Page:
The following is from the text of that same BBC news report (my observations in [brackets] and my emphasis in bold):
Advice from the Roman Catholic Church [ie from the Catholic Education Service] says there is nothing wrong with allowing the cervical cancer vaccinations to be given. But governors at St Monica's - which has 1,200 pupils - have sent a letter to parents outlining their concerns about the vaccine. In it, they question the effectiveness of the injections and point out the possible side effects.I understand from yesterday's broadcast media coverage that the governor's letter goes on to say that the appropriate mechanism for the girls to receive the vacccination is through their GP's in the company of parents or guardians - where due care can be taken with regard to the girls previous medical history and side effects which may occur. This hardly constitutes a "ban" on the part of the school.
The letter says a number of the school's pupils who took part in a pilot study were subsequently off school suffering from nausea, joint pain, headaches and high fevers.
It states: "We do not believe that school is the right place for the three injections to be administered. Therefore, governors have taken the decision not to allow the school premises to be used for this programme."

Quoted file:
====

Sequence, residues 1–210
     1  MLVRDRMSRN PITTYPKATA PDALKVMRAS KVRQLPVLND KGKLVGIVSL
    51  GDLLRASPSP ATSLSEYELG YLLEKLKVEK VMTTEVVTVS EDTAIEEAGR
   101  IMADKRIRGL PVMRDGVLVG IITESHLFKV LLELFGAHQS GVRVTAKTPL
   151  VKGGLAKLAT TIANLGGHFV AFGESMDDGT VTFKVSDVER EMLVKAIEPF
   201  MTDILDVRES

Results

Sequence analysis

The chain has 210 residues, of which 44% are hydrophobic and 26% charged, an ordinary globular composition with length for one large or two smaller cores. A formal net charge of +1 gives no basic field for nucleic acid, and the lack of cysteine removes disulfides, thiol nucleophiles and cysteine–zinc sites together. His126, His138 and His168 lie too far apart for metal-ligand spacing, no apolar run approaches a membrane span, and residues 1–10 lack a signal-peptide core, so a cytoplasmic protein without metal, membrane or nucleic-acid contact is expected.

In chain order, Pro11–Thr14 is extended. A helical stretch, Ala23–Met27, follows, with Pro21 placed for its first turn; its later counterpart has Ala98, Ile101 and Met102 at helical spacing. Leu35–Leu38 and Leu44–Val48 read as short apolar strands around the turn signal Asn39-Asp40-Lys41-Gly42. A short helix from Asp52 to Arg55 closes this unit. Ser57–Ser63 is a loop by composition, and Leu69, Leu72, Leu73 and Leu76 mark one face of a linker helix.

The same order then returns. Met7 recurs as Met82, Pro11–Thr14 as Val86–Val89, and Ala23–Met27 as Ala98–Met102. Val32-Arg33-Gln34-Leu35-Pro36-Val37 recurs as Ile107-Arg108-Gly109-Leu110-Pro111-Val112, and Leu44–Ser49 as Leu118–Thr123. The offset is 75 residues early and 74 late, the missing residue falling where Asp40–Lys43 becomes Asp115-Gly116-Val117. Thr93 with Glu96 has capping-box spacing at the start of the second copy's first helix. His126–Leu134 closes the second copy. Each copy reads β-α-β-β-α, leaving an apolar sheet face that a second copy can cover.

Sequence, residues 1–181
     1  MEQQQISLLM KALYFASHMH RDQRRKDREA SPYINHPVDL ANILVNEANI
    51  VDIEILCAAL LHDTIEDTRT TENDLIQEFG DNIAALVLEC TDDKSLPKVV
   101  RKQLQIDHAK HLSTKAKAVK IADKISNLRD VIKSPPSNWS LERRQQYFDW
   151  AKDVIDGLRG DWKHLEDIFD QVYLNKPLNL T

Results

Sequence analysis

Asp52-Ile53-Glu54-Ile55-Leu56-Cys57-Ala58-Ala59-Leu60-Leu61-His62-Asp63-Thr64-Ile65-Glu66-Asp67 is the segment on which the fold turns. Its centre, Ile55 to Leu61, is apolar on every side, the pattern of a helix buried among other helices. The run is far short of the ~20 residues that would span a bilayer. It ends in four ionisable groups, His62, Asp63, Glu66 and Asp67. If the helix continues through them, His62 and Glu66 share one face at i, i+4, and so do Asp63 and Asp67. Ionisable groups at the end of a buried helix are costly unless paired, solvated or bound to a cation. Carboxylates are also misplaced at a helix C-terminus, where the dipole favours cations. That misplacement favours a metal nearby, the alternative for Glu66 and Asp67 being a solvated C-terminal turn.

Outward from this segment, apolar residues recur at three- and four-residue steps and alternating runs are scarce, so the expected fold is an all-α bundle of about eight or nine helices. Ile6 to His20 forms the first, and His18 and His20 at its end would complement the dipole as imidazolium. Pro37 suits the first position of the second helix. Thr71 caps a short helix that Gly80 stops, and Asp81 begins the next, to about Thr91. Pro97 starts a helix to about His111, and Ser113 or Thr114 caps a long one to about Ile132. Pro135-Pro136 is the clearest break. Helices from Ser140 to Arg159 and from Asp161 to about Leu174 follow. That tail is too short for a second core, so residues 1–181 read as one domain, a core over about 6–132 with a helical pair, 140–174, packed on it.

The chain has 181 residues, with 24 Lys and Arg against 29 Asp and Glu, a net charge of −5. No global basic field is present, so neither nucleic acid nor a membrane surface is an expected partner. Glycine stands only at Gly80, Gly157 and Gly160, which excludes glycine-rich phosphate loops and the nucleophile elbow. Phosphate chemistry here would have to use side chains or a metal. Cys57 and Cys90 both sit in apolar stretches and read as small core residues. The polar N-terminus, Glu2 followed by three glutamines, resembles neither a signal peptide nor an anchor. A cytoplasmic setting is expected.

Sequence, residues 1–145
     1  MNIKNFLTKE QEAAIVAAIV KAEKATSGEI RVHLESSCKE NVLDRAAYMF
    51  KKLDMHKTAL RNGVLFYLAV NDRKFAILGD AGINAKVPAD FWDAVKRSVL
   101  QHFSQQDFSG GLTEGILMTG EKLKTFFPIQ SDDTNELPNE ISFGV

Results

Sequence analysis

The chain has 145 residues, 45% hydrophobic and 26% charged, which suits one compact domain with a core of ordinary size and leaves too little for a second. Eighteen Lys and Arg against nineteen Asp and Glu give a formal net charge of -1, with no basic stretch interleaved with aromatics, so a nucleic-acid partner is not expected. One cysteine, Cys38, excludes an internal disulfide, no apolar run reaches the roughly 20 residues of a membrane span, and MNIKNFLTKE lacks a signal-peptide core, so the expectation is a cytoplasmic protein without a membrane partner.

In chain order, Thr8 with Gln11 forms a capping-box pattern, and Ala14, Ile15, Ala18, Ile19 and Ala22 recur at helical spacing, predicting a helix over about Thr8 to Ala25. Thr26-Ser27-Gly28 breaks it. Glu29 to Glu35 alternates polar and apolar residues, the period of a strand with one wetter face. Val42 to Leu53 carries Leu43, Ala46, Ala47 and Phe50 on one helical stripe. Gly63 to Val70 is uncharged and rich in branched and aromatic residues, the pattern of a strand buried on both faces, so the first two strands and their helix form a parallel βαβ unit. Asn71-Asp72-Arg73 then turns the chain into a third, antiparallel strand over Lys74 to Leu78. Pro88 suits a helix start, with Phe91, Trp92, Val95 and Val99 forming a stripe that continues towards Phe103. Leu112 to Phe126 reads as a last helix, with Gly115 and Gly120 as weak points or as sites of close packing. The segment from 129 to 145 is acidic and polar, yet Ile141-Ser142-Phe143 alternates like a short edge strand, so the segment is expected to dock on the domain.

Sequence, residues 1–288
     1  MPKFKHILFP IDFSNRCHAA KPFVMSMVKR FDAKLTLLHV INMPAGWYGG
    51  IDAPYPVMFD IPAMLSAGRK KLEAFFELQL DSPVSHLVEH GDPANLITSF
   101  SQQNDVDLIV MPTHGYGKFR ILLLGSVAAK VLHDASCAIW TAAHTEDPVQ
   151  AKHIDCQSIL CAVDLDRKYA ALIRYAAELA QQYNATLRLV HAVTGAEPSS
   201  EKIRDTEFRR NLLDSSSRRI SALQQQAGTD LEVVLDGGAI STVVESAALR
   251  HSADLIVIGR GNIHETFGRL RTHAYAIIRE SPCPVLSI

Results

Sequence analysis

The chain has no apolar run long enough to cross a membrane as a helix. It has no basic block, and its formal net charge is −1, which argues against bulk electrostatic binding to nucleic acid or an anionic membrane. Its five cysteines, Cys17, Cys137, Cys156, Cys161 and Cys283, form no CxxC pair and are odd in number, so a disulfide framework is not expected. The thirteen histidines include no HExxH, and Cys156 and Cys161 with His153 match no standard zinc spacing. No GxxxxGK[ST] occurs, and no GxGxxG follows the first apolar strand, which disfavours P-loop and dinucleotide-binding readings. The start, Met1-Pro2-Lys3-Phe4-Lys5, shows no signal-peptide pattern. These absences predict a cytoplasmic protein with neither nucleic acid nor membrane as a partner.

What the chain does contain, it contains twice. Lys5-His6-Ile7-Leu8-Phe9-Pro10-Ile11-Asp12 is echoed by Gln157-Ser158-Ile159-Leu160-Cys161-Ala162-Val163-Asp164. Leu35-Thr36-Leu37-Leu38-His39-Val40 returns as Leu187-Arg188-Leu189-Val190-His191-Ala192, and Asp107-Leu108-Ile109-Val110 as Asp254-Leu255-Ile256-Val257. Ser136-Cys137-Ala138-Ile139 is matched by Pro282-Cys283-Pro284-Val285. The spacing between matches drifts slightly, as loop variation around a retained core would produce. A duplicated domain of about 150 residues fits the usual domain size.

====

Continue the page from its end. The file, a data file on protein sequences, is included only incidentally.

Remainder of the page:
So far as I can see from the BBC report, the school has had an experience of its pupils suffering significant side effects during a trial of the vaccination, has carried out a risk assessment in response to that, and the position outlined in the governors' letter represents a prudent set of precautions arising from that risk assessment. Any school in the same position as St Monica's would have been wise to take the same course of action, in response to what for that school are forseeable consequences of allowing the vaccinations to take place at school.
Ah, the wonders of spin ....
An interesting sub-text is that of the relationship between schools and national authorities. The local authority for St Monica's school has recognised, according to the BBC report, that the decision to allow or not to allow the vaccinations to be carried out at school is one for the school itself. But how many schools really do exercise their own decision making power, rather than just "nodding" yes to national guidance and programmes? The question here is of how far schools are organisations of civil society rather than just organs of the state, a question with very wide ramifications.